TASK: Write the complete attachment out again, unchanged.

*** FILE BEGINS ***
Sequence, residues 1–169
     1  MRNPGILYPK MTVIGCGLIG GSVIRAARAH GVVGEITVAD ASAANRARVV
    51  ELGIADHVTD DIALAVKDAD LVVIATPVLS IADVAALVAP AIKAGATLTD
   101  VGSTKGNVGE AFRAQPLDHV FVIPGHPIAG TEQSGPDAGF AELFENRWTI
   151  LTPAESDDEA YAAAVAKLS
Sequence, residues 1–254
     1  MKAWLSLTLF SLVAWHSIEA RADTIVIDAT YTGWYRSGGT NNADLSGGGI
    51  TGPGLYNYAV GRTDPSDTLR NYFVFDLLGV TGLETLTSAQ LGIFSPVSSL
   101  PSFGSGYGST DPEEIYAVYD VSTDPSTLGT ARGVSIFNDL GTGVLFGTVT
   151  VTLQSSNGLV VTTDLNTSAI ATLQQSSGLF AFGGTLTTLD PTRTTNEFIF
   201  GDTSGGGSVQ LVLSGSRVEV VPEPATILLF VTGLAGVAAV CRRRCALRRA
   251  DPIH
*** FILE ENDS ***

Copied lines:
Sequence, residues 1–169
     1  MRNPGILYPK MTVIGCGLIG GSVIRAARAH GVVGEITVAD ASAANRARVV
    51  ELGIADHVTD DIALAVKDAD LVVIATPVLS IADVAALVAP AIKAGATLTD
   101  VGSTKGNVGE AFRAQPLDHV FVIPGHPIAG TEQSGPDAGF AELFENRWTI
   151  LTPAESDDEA YAAAVAKLS
Sequence, residues 1–254
     1  MKAWLSLTLF SLVAWHSIEA RADTIVIDAT YTGWYRSGGT NNADLSGGGI
    51  TGPGLYNYAV GRTDPSDTLR NYFVFDLLGV TGLETLTSAQ LGIFSPVSSL
   101  PSFGSGYGST DPEEIYAVYD VSTDPSTLGT ARGVSIFNDL GTGVLFGTVT
   151  VTLQSSNGLV VTTDLNTSAI ATLQQSSGLF AFGGTLTTLD PTRTTNEFIF
   201  GDTSGGGSVQ LVLSGSRVEV VPEPATILLF VTGLAGVAAV CRRRCALRRA
   251  DPIH